Categories: affection

Why do cats dislike their front paws being held?

My cat touching my hand but he does not like me holding his paw. This was not artificially created. Gabriel placed his paw where you see it.

Why do cats dislike their front paws being held? I have experienced this so it’s of interest to me. I’ll try and answer it using common sense principles.

While I was writing this (in bed!) my cat, who likes to interfere with my ‘work’, placed his paw on my left hand as I was typing.

I stopped typing and made this little video:

Cats like to touch us paw-to-hand. My cat does it all the time and you’ll see it often when cats lie next to other cats with whom they are friendly. They touch paws.

So domestic cats feel reassured when they are in direct contact with companion animals. They like it and indeed need it. My cat does it entirely naturally, in the same way a couple might hold hands when walking together.

However, holding ‘hands’ or humans holding the paw of their cat is different to being in light contact as seen in the video. Some cats won’t mind having their paw held while others might tolerate it for a while and then withdraw their paw, which is what my cat does. But in general cats dislike it and the reason is probably to do with a need to be free to move as and when necessary.

Also a cat’s paws are exceptionally sensitive. The paw pads have many nerve sensors (receptors) which tell the cat what he is standing on and which provide information about the extension and retraction of the claws. This aids in capturing prey.

Placing their paw on your hand or placing your hand on their paw allows them to move their paw at will. Holding a paw restricts the cat’s movement. The paw is ‘trapped’. Cats don’t like this because they are always vigilant and prepared to move into action, which is instinctive behavior inherited from their wild cat ancestor. It is a wild cat trait, I’d argue.

When domestic cats sleep they often snooze half awake and alert. Yes, cats also sleep soundly and dream but even then they will wake up very rapidly when needed and be alert in seconds. There is an inherent alertness in cats. Their hearing and sense of smell are finely tuned and constantly ON.

Holding their front paws can make a cat feel uncomfortably trapped. Along similar lines, cats don’t really like their hind legs being touched when they’re resting. They withdraw them signalling displeasure. This behavior may be linked to the one described on this page. I think it feels like an interference in their ability to move which potentially jeopardises survival in a raw, wild cat sense.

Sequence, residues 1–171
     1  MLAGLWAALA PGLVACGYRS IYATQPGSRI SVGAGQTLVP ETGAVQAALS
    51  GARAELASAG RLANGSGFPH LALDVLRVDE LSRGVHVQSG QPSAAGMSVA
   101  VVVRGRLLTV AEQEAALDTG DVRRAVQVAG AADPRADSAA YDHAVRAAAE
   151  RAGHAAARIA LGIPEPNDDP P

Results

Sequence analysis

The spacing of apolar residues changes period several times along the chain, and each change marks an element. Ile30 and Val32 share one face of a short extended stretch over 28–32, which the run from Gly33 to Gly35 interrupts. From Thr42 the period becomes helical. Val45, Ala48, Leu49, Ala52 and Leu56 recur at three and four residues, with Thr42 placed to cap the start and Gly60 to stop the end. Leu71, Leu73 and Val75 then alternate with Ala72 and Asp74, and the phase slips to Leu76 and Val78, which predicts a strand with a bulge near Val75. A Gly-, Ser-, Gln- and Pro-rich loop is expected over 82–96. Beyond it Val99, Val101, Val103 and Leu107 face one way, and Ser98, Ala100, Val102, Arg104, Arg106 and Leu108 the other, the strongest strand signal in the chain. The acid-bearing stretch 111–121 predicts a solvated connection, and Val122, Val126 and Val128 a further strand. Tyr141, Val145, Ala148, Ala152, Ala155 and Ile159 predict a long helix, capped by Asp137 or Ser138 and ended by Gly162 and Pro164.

After I removed my hand my cat sprawled over the computer and I stroked the back of his head which he loves. Here’s the follow up video:

Please comment here using either Facebook or WordPress comments. Comments are welcome.
Michael Broad

Hi, I am 70-years-of-age at 2019. For 14 years before I retired at 57, I worked as a solicitor in general law specialising in family law. Before that I worked in a number of different jobs including professional photography. I have a longstanding girlfriend, Michelle. We like to walk in Richmond Park which is near my home because I love nature and the landscape (as well as cats and all animals).

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  • I just thought of another example that supports Michael's point that cats need to feel free to move. I have noticed on many occasions and again the other day, that when my cats see a threat (like a dog approaching, walking by) rather than accept my offer to either be held safely by me or come into the yard safely behind the fence or into the house, they prefer to go where there is room to move/run if necessary. They want to feel in control that way and not surrender themselves even to me whom they trust more than any human. By grabbing the paws, even when there's no threat, is threat enough to trigger their need to feel free, which we feel too. If someone grabs you by the wrist, you aren't going to like it either. So, it's in their genes; they can't help it, though you can modify it a little bit.

  • Yes I agree that cats don't like having their paws grabbed and for the reasons stated. Mine are used to me playing with their toes though and tolerate me squeezing and holding them more than any other cat would. They still don't "like" it but that's their instinct, not how they feel about me. They love me and my quirks and the feeling's mutual.

    • Great vid of you petting your cat, btw. First time I heard your voice, and your cat is adorable of course.

      • Thanks. He loves to put his paw on my hand just like that. I have to work around him which can be hard if he is sprawled over the keyboard.

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